Burn injuries probably aren’t the first thing that come to your mind when you think of the consequences of a motorcycle crash—but they’re actually very common.
There are three different usual causes of burn injuries commonly associated with motorcycle accidents:
1. Road rash
Road rash, also known as “road burn,” are injuries suffered when the rider or passenger of a motorcycle hits the pavement and their skin is scraped along the pavement as they are thrown from the bike or dragged along after it.
While most people don’t think of road rash as a typical burn, they are actually considered friction burns and can remove skin all the way down to the fat and muscle underneath. They also put the victim at a high risk of infection and can require extensive hospital stays and skin grafts, just like any other burn.
2. Engine and exhaust pipe burns
A motorcyclist that’s involved in an accident can get tangled up in the bike as he or she goes down, causing parts of their body to come into contact with parts of a hot engine or exhaust pipe.
In some cases, a rider can end up with burns even if there’s no accident involved due to design defects. For example, a class action lawsuit was just filed against the Harley-Davidson Motor Company over complaints that one of its most popular motorcycles has a design defect that puts riders at risk of severe burns when the engines overheat.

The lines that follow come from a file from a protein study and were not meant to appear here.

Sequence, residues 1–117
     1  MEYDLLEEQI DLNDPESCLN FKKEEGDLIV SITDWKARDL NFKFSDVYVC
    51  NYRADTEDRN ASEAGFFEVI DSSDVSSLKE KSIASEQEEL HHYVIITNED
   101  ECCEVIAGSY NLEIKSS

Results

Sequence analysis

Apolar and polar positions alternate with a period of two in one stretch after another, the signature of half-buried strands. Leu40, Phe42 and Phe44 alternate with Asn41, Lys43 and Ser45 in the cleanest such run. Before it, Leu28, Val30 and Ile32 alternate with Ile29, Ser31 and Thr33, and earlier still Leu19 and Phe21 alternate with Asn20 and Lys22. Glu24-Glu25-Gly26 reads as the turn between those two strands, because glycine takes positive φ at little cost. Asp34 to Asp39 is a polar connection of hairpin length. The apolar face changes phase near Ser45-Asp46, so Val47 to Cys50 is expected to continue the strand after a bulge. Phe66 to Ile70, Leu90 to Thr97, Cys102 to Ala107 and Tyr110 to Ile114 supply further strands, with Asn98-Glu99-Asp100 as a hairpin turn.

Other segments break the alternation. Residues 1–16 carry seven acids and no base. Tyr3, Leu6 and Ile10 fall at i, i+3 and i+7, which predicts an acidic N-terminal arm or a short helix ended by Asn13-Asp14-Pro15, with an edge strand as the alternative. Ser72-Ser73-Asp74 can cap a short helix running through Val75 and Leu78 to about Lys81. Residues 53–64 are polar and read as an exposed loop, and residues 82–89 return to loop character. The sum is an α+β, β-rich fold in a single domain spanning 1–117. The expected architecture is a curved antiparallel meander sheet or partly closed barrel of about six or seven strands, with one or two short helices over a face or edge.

If the burn seems to be related partially to a poorly designed product, it may be necessary to pursue a legal claim against the manufacturer as well as someone who caused an accident.
3. Chemical burns
A motorcyclist who is in a wreck can be particularly vulnerable to chemical burns if the engine or battery is ruptured. Gasoline or battery acid can spill onto the rider as he or she is on the ground, and the rider may be exposed to the toxic substances for some time if he or she is unconscious or unable to move.
Burn injuries can be exceptionally difficult to heal, requiring long hospital stays, painful treatments and skin grafts. Victims may also be permanently scarred or disfigured.
Anyone who has suffered a motorcycle-related burn injury due to the negligence of another has a right to seek compensation for medical expenses, pain and suffering, lost wages and more. .
Source: FindLaw, “Motorcycle Accidents: Overview,” accessed Dec. 30, 2016